It is perhaps an indication of the level of informed comment in this article that Lucas does not know that Hare coursing is already illegal under the hunting act. Further that when it says ” the Act has at least prevented some animals from experiencing pain and suffering” that it offers no evidence for that. This is point that many involved in these matters dispute. There was no evidence from the extensive government enquiries that pain and suffering were involved in properly conducted hunting. Just as many foxes and deer are killed each year now as before the Act but it is done outside of the controlled hunting of the associations that set the standards and did so in the public arena. perhaps this is why Tony Blair said in his memoirs that the hunting act was his biggest regret.

    Reply Report

    • 23 Mar ’15 at 7:38 pm

      Patricia Betty

      There is no evidence to support that animals DONOT suffer pain and terror so we must err on the side of caution. Your argument is argumentum ad ignorantiam as you are stating a hypothesis which you cannot prove. Absence of proof does not mean you are correct. Three post mortem reports on foxes killed by hounds show that death is was caused by biting. Dogs kill by eviscerating their prey and tearing it apart. Not a pleasant way to die I’m sure you will agree.

      Reply Report

    • Blair the war criminal is a cunt, period. No pain or suffering? Fuck me….,.

      Reply Report

    • Let country people do what they have done for hundredths of years and let city people go to there fancy restaraunts there has been 1000s of hares foxs shot and not all have been killed clean with some dying with gangerine

      Reply Report

  2. We live in the 21st century, not the 18th. #keeptheban

    Reply Report

  3. 23 Mar ’15 at 9:00 pm

    Michelle Cosstick

    I agree it is no a pleasant way to die.

    Reply Report

  4. 23 Mar ’15 at 9:00 pm

    Michelle Cosstick

    I agree it is not a pleasant way to die.

    Reply Report

  5. 28 Mar ’15 at 2:21 pm

    John Fitzgerald

    Repeal of the UK’s hunting act would bring back not just foxhunting but also hare coursing, a fact that the fox hunters and Tories tend to avoid mentioning. Both hare coursing and fox hunting are demonstrably cruel. The fox is chased until exhaustion delivers it to the pack to be disemboweled. A fox that manages to escape underground during a hunt is dragged to the surface with the aid of spades and terriers…more “sport” for the men and women who derive pleasure from watching animals suffer. Hares will be pulled asunder by competing greyhounds if coursing is re-instated by David Cameron & Co. Will he be among the fans looking on and listening to the death screams of the gentlest creature in the countryside? He might as well be…if he succeeds in repealing the Hunting Act because the return of hare coursing will be an assurance consequence of repeal. Fair play to the 20 or 30 Conservative MPs who refuse to back the return of live animal baiting practices to the UK countryside. They are holding the line against some of the most depraved cruelties ever devised by man.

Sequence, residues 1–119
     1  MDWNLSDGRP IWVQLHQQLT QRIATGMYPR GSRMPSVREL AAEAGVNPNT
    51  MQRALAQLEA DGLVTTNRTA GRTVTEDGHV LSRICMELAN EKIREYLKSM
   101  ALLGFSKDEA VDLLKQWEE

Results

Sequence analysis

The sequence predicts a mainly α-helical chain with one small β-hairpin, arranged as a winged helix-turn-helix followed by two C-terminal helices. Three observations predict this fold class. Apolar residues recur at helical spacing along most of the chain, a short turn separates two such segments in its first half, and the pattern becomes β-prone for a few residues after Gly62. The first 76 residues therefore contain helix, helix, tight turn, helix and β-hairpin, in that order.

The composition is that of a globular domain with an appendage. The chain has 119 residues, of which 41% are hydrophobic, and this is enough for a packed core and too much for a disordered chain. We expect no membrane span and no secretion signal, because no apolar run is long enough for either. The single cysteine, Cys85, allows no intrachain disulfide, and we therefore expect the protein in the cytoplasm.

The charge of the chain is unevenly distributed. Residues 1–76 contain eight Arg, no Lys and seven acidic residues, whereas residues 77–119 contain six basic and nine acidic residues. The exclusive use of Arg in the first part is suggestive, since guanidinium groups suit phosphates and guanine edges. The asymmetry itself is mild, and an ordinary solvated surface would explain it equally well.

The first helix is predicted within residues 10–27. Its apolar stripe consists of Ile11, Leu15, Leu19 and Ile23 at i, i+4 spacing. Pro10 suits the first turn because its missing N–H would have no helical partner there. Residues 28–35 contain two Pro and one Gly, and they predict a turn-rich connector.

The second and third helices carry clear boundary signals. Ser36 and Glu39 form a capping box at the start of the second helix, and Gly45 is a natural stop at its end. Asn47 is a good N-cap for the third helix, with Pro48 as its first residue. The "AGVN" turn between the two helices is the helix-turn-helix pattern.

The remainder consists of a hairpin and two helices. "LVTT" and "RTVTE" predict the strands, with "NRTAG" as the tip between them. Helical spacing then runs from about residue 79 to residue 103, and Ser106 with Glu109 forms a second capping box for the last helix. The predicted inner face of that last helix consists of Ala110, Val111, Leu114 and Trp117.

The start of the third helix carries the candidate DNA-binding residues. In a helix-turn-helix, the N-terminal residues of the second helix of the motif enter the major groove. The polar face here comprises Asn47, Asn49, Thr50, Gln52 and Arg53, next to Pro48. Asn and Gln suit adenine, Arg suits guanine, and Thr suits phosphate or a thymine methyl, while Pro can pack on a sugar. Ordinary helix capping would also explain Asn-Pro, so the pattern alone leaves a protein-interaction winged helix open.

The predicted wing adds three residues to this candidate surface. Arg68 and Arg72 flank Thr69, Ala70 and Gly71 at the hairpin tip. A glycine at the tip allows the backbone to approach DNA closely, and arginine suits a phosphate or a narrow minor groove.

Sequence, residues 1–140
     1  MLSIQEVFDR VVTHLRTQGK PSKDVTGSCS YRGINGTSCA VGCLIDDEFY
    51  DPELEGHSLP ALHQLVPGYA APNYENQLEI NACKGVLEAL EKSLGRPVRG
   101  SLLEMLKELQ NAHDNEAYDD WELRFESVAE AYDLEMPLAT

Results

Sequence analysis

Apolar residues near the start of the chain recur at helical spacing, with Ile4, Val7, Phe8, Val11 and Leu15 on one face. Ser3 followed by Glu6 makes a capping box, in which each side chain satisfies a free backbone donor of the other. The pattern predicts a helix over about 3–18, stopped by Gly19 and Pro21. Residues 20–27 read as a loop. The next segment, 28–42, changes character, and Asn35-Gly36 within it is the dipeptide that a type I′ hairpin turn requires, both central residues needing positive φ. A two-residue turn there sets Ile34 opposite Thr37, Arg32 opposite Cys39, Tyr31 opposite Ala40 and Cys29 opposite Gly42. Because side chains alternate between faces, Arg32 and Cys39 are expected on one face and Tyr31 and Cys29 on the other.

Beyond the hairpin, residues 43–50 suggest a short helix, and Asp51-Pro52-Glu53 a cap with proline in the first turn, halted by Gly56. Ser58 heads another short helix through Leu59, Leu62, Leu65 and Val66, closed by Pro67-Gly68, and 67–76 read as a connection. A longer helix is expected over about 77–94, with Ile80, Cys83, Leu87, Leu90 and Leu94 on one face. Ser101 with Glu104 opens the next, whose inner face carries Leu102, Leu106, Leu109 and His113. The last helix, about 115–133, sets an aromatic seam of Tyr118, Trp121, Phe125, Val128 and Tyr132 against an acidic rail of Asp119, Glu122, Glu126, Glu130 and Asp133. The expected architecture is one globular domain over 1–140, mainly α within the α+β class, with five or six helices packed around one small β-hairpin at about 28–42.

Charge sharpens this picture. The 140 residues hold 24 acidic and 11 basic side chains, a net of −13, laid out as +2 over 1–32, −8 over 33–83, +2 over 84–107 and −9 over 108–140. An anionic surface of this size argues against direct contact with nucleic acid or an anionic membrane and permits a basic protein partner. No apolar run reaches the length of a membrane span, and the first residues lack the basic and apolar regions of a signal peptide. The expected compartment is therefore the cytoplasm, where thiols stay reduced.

Reply Report

  6. to suggest that a fox feels no fear or pain when torn apart by hounds and exhausted is ludicrous, crazy and only a fox hunter might actually believe that so that he/she doesn’t feel any guilt.
    Those who hunt wild animals are callous and in denial, desensitized and the demonization of this beautiful small animal helps these people to feel that they are actually doing something good. dream on. In fact arable farmers benefit from foxes as they predate many rabbits. That’s a fact. I’d like to see the hunt saboteurs on horseback too , with their own horn and that would scupper the whole nasty killing spree the hunts love so much.

    Reply Report

Leave a comment

Please note our disclaimer relating to comments submitted. Please do not post pretending to be another person. Nouse is not responsible for user-submitted content.